Jennifer Orkin Lewis’ Draw Every Day, Draw Every Way has been fantastic at helping me keep my drawing practice up. It’s part sketch book, part instruction, part prompt, you get monthly themes and with each month, you get to practice with different materials. The first month’s theme is nature and marker pens, you can see how I got on in the video above.
My rating: 4 of 5 stars
Another excellent Giordano Bruno book; this time both he and Sir Philip are in Plymouth to see Drake’s fleet and as they arrive they discover that the Captain General himself is in desperate need of Bruno’s unique services, as a member of Drake’s crew has been found dead onboard. There are a lot of twists and turns and false leads and it’s all very atmospheric. The ending is rather bittersweet too.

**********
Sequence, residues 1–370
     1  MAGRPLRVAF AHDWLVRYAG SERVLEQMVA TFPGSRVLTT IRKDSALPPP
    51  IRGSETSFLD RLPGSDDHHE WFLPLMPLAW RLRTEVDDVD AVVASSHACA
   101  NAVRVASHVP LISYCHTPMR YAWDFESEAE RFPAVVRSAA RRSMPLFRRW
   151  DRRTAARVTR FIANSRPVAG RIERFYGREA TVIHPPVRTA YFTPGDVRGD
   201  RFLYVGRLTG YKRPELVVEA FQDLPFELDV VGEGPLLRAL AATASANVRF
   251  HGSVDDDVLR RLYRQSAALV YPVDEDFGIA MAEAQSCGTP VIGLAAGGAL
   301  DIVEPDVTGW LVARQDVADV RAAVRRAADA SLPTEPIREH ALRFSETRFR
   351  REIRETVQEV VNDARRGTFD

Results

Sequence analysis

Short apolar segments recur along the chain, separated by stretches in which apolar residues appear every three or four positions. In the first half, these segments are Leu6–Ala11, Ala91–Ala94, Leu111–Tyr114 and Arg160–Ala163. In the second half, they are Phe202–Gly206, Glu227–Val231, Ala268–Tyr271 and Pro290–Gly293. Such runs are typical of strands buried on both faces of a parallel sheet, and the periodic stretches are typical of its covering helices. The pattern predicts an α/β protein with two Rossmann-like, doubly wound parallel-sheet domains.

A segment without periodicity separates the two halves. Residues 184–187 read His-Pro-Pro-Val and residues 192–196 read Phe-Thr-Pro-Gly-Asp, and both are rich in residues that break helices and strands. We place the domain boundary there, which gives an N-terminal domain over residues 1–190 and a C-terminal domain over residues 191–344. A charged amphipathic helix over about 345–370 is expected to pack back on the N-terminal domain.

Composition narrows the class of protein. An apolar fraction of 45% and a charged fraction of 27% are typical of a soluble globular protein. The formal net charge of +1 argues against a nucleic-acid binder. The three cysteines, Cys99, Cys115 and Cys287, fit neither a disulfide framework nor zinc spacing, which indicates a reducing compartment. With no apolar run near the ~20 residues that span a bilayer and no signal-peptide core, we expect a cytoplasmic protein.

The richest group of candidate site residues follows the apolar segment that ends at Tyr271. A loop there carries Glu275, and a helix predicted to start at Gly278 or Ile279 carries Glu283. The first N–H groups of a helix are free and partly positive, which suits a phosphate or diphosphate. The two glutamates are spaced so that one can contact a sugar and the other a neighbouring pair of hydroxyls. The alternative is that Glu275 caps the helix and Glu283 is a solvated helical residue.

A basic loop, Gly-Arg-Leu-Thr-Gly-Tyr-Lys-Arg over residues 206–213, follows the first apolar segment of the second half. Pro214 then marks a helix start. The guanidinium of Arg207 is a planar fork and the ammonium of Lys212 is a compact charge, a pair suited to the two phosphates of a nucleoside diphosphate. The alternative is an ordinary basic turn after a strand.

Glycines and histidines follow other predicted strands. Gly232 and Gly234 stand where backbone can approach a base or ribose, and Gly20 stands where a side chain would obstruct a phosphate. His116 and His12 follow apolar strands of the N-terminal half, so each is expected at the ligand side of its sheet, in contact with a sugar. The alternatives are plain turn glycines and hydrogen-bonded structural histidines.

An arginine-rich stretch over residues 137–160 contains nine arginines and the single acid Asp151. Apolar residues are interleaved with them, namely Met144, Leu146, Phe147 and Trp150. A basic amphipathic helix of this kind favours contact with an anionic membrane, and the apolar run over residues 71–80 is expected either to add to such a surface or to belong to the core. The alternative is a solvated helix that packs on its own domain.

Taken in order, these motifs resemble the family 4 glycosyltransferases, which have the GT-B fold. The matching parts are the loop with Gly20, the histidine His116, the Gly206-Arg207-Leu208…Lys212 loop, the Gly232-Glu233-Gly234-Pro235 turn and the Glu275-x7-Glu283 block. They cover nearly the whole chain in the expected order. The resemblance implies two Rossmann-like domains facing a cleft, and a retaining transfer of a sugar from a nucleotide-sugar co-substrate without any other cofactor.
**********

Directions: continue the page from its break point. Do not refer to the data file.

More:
1. The cake Girl Lacer made for Boy Lacer’s birthday was thankfully much better than my cupcakes. She used a slightly adapted Nigella recipe.
2. Sometimes it’s the small things but on the way back from an appointment on Monday, I stopped off at Morrisons (we don’t have one near where I live) and had the most gorgeous wrap from their choose your own fillings sandwich bar. They’re incredibly good value, under £3, I’m so used to London prices now, I’d more expect something like that to be a fiver, as the wrap had about six fillings in and was so big it was a struggle to fit in your mouth. The fillings were good too, much fresher looking than a certain well know sandwich chain which is a soon to be teenage favourite of Girl Lacer’s.
3. I went to see the lovely doc who did my op back in June, I hadn’t seen him since then and I made him laugh with the amount and nature of the compliments I have been getting since. The second stage of the op has been booked now and will be towards the end of this month. I have been extremely lucky to be so well looked after.